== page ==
Buying a Property
How much can you afford?
The first thing to do before you begin your search for a property is determine how much you can afford and the area in which you wish to buy.
There’s no point setting your heart on something you can’t afford. Once you establish how much you can borrow and afford to repay you will have a realistic idea of what you can buy.
Researching recent sales and the price of properties on the market should give a good indication of property values and an understanding of the real estate market in the area in which you are looking to buy.
Identify your priorities
Select the location
It’s been said many times before but one of the most important considerations when house-hunting is the location. Choosing the right location is vital not just because it may add value to a property but because you (or your tenants) will have to live there too.
Look for up and coming areas and consider the edge of popular areas. The so-called ripple effect is the most common reason for prices to rise in an area. If you can’t afford the street or suburb you desire you may wish to consider neighbouring areas, especially if you want a bigger house.
It is also important to be aware of any future development plans for your target areas which could impact on the property’s value or your quality of life.
When short listing suburbs it is important to consider proximity to transport, schools, shopping centres, recreation and local facilities and any other amenities that are important to you.
Type of property
A house is likely to be the most expensive type of property but for good reason. You are distanced from your neighbours and will generally have a garden. Semi-detached houses, terraces and townhouses usually have an outdoor area and a degree of privacy however they are likely to be noisier than a house due to their proximity to neighbours. Apartments on the other hand are generally smaller and more likely to be noisier than houses however they tend to be more affordable and easier to maintain.
Putting together a shortlist of things that are important to you in a home is a good idea. Buying a property requires a considerable amount of research, time, commitment and planning. The following process suggests some simple steps to consider before you start your property search.
Points to consider before purchasing a property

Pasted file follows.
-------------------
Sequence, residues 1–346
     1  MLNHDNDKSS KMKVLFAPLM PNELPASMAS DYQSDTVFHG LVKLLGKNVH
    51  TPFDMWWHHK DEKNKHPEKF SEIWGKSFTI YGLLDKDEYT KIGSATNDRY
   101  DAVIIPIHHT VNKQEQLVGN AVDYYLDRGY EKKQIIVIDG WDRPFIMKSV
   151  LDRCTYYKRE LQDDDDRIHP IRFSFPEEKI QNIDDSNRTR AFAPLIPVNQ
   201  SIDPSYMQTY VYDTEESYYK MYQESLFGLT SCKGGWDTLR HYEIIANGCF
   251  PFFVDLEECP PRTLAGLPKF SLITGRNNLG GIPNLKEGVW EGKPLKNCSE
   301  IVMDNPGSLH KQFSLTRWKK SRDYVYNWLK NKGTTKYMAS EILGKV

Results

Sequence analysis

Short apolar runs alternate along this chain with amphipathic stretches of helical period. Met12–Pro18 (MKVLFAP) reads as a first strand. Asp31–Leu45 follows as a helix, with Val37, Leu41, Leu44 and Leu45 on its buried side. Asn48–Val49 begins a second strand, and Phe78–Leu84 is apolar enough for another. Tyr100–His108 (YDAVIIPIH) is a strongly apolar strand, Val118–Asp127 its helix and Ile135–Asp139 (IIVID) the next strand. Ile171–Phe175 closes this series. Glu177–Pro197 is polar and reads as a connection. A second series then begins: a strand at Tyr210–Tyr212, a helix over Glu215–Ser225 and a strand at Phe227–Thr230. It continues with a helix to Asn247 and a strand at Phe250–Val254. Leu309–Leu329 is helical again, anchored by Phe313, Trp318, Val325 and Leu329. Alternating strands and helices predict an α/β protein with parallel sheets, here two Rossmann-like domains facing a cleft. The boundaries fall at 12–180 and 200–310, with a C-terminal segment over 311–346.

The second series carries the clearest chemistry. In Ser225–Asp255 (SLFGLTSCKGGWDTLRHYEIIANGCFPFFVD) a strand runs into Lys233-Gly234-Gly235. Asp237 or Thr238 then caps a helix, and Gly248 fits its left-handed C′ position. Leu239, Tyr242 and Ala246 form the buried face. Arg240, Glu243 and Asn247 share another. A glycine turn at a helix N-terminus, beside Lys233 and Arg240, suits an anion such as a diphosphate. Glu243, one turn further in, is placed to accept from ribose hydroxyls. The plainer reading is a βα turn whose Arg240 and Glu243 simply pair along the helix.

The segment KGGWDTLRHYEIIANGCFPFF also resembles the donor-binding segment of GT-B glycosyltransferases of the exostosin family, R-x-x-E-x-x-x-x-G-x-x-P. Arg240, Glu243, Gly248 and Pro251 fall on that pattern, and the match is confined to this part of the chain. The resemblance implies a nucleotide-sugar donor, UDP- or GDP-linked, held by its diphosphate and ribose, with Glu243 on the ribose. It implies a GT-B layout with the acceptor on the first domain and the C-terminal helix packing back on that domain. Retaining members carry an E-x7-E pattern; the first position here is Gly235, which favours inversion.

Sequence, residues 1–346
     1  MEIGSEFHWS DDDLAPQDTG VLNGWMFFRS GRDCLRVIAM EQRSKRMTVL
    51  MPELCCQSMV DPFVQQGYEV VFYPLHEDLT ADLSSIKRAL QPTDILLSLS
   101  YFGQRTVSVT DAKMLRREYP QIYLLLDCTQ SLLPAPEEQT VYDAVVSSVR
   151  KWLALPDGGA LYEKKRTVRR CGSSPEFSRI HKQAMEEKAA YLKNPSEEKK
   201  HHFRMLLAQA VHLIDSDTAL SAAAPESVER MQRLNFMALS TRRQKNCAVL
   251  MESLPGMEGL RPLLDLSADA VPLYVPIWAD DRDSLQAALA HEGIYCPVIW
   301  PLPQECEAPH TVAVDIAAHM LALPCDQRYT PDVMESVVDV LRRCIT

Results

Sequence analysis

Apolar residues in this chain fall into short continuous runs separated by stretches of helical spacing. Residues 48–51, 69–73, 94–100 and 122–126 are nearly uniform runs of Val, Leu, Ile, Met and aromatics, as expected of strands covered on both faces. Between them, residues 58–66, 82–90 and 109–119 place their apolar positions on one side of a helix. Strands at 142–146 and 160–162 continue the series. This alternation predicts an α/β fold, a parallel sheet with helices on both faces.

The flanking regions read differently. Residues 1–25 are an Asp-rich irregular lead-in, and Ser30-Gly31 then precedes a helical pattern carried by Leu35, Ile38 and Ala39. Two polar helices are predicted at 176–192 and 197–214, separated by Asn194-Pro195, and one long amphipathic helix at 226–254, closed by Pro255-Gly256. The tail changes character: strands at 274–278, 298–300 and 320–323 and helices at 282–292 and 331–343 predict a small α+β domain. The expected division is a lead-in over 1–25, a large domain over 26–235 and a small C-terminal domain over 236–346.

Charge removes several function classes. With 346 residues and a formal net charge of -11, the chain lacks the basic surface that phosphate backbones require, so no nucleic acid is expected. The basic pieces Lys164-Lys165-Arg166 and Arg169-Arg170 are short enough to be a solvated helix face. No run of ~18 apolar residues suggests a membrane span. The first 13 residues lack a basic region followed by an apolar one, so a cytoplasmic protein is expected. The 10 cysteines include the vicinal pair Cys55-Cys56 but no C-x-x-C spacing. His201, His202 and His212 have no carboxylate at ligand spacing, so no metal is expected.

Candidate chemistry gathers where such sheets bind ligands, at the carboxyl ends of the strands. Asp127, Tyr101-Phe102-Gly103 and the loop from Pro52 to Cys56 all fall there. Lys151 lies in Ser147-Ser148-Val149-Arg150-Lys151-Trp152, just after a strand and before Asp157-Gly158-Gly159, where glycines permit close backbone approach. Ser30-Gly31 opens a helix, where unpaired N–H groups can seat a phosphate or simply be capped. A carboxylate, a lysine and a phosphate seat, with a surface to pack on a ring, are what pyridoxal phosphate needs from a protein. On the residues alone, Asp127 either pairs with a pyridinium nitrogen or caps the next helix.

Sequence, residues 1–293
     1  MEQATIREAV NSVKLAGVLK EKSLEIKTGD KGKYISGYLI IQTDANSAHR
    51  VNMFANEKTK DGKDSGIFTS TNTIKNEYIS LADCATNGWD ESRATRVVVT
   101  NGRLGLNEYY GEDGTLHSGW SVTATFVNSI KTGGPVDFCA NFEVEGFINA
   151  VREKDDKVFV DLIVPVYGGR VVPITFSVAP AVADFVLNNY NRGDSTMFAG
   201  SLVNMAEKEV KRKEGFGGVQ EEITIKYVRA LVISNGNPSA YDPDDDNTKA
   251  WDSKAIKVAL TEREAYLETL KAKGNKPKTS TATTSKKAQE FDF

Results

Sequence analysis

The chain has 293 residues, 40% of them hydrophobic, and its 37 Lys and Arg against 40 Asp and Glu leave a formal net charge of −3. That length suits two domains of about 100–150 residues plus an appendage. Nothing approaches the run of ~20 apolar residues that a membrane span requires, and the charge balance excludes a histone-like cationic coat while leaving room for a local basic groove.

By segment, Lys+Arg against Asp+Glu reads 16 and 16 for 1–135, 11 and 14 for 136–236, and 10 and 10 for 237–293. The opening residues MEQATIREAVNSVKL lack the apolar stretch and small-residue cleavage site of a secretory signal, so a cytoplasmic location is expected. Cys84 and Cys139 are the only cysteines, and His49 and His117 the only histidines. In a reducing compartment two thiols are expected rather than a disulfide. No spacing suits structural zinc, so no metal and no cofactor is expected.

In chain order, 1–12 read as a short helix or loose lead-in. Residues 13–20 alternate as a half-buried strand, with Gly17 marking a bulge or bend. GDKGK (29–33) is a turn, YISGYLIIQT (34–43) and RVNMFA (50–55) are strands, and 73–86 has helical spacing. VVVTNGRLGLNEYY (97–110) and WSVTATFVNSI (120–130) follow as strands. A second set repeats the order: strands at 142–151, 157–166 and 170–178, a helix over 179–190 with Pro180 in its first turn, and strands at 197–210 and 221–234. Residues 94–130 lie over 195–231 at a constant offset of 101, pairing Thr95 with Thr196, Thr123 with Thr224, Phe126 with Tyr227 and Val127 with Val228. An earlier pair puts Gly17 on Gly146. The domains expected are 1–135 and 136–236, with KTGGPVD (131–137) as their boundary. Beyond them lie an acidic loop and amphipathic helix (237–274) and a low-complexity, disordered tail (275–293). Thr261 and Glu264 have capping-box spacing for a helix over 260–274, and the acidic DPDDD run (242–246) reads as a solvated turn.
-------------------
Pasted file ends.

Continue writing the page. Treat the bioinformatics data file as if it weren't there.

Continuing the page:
Whether you are buying a property as an investment or to occupy extreme care should be exercised to ensure your purchasing experience is stress free and the risks are minimised. The following should be considered before you make your purchase decision:
- Think about why you are purchasing a property. If you intend living in the property does it really suit your needs?
- Do you want a freestanding home, a terrace, townhouse or a unit? Or do you want to purchase a block of land and build a new home?
- How many bedrooms and bathrooms do you want to renovate?
- If a property has been renovated recently you migh wish to check with the local council to ensure planning or building permits were approved.
- If you have young children or elderly people living with you, you might wish to avoid stairs and prefer a level block. Do you intend to install a pool in the future? In the garden too big or too small? Will you need more bedrooms in the future? Is the location of the property close to schools etc.
- If you are buying a villa, apartment or townhouse you may be sharing a common wall with your neighbours. It is advisable to check noise levels if possible.
- Try to meet your new neighbours. They may not share the same values as you.
- If parking is important to you make sure it has its own allocated space. Even if you don't need a car space this feature will add value in the resale of the property.
- If you are buying an investment property you must consider the needs of the potential tenants. It is a good idea to speak to a real estate agent to find out the types pf properties that get the highest returns in the area.
Before you Buy
If you want to buy or sell a home, land or investment property you’ll have to sign a contract. The legal work involved in preparing the sale contract, mortgage and other related documents, is called conveyancing.
Most people employ a Conveyancer/Settlement Agent or Solicitor to do legal work involved in purchasing a property such as preparing documents, giving legal advice on contracts and explaining the implications.
The conveyancing process can involves the following steps:
- Examining the contract of sale
- Examining a strata inspection report if the property is part of a strata scheme
- Arranging a payment of stamp duties
- Checking any outstanding arrears or land tax obligations